(Beyond Pesticides, November 8, 2010) After numerous scandals involving China’s industrialized food supply, a new movement is afoot in the world’s most populous nation toward local, organic, and sustainable food. According to a promising Washington Post report, “Young Chinese farmers sowing seeds for organic revolution,” many of the organic farmers working to meet the growing demand are urban professionals seeking an escape from fast paced city life.
The overuse of pesticides in industrialized agriculture has created numerous problems for people and the environment. Pesticide use has been linked to many diseases including numerous types of cancer, Parkinson’s, and learning disabilities. In addition pesticides are also dangerous to wildlife. Pesticides often kill non-target organisms that may be beneficial to farmers, such as predatory insects.
Organic agriculture is an ecological approach to farming that does not rely on or permit toxic pesticides, chemical fertilizers, genetically modified organisms, antibiotics, sewage sludge, or irradiation. Instead of using these harmful products and practices, organic agriculture utilizes techniques such as cover cropping, crop rotation, and composting to produce healthy soil, prevent pest and disease problems, and grow healthy food and fiber.
Just as in the United States, demand for local and organic food is growing in China, and organic agriculture in China faces a unique set of challenges. For centuries, farming in China was viewed as work for impoverished peasants. Despite the fact that under Chairman Mao Zedong, farming was elevated to a noble profession, today it is once again considered one of the worst jobs in the country. When Shen Hui and her husband Chen Shuaijun decided to start farming, they were ridiculed by their neighbors and were furious to hear of their son’s plan to quit his job in the Shanghai banking sector to return to farming. Once they started the farm, things didn’t get much easier. Mr. Chen insisted on farming without any chemical pesticides or fertilizer, and many people scoffed at their methods. The work is incredibly physically demanding for the couple, and making things more difficult, since the farm has not turned a profit, the two still maintain their office jobs.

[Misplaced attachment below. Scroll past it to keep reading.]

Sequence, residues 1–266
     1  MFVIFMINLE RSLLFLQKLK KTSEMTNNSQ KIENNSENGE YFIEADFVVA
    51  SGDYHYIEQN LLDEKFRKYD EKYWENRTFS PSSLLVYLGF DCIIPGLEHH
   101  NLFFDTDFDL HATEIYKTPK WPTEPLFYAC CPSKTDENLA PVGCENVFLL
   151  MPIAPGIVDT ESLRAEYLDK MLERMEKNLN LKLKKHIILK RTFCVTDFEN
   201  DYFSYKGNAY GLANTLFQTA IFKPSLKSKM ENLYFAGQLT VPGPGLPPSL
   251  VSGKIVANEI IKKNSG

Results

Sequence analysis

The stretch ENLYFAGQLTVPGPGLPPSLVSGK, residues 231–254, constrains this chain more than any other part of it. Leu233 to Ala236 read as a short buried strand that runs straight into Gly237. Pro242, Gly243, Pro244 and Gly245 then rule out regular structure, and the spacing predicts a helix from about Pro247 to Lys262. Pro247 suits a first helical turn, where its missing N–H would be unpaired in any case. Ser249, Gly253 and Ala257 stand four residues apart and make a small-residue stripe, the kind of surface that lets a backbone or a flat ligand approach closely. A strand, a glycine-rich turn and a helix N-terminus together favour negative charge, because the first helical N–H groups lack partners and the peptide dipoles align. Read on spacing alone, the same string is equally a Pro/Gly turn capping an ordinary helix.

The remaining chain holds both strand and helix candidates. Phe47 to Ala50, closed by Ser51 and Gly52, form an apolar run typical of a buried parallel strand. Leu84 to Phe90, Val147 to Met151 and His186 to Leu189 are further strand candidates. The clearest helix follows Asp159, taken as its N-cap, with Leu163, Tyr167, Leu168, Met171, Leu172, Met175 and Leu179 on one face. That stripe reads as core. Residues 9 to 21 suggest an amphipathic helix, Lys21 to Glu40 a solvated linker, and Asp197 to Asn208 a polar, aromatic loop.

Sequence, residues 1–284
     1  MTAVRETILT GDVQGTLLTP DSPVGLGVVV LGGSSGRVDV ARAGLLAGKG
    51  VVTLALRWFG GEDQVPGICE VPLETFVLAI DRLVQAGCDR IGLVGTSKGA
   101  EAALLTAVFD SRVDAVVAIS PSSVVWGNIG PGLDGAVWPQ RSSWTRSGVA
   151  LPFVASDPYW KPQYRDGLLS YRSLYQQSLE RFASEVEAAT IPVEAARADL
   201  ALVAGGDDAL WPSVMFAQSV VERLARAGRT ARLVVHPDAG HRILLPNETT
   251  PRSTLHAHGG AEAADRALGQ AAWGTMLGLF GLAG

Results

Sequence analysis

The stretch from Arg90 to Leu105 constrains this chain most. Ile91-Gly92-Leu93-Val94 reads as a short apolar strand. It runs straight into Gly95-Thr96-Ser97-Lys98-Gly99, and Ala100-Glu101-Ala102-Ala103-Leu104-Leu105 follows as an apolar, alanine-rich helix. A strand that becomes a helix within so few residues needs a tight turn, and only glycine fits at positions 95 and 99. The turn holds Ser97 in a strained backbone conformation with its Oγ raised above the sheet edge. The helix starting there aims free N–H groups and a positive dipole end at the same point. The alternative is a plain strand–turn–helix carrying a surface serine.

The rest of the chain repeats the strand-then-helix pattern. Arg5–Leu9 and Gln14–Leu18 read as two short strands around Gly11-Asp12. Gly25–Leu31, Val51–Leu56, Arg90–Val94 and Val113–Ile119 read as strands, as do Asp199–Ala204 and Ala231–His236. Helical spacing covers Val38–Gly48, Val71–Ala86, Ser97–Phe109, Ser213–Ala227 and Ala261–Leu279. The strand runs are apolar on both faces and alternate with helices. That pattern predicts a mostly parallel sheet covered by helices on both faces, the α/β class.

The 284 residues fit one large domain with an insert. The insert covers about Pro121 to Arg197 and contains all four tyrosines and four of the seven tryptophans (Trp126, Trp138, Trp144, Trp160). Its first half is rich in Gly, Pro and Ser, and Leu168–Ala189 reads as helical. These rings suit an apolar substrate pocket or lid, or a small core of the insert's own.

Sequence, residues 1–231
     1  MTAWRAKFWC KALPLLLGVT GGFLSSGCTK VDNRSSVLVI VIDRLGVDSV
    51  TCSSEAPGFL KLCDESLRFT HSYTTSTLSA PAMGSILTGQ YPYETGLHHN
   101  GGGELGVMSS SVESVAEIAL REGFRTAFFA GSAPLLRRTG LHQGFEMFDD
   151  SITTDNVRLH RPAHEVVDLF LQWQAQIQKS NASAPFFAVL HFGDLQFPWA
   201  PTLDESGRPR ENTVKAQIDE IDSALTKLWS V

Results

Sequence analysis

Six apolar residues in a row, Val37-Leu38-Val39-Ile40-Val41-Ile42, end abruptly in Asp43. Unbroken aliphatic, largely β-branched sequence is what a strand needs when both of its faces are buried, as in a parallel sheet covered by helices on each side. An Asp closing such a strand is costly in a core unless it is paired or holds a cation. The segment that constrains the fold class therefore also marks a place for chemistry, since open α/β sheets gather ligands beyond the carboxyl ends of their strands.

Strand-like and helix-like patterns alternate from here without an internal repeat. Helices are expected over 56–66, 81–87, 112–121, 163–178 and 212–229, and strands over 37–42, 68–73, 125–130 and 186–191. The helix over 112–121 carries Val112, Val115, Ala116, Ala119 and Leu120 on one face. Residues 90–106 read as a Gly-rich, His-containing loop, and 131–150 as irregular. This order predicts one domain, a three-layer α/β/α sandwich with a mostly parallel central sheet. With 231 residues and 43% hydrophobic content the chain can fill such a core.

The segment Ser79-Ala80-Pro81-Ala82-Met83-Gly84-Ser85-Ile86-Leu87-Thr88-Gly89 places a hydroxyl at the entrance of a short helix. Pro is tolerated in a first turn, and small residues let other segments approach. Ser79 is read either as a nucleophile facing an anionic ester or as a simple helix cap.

Several organic farmers in China also find it a challenge to deal with rampant pollution. While organic farmers do not rely on synthetic chemical fertilizers or pesticides, their soil or water supply may be laced with all kinds of pollutants. A government report found pollution makes 43 percent of state monitored rivers are unsuitable for human contact.
Marketing organic crops is another difficulty in China. Regulation of organic certification is weak at best and farmers say some agencies will certify anything for a price. As a result many organic growers don’t bother to certify their products, and instead just call them natural. The regulatory aspect of this is a huge issue, particularly in light of recent scandals with the food supply that have left many around the globe concerned about the safety of their food. In 2008, over 1200 babies became sick from milk powder formulated with the cheap industrial compound melamine. Other scandals involved vegetables infected with dangerous bacteria, fish poisoned by pollution, and cooking oil tainted with sewage.
Despite the difficulties of organic, farmers have plenty of reasons to be persistent. For organic grower Shen Hui the biggest draw of farming was the food safety: she wanted to know where her food came from, and what went into it. Organic food is also a luxury trend. China’s new super-rich consume organic food, because it has become a status symbol. Shen Hui and Chen Shuaijun also state that the simple joys of escaping city life and eating the produce they grow outweigh the challenges.
Source: The Washington Post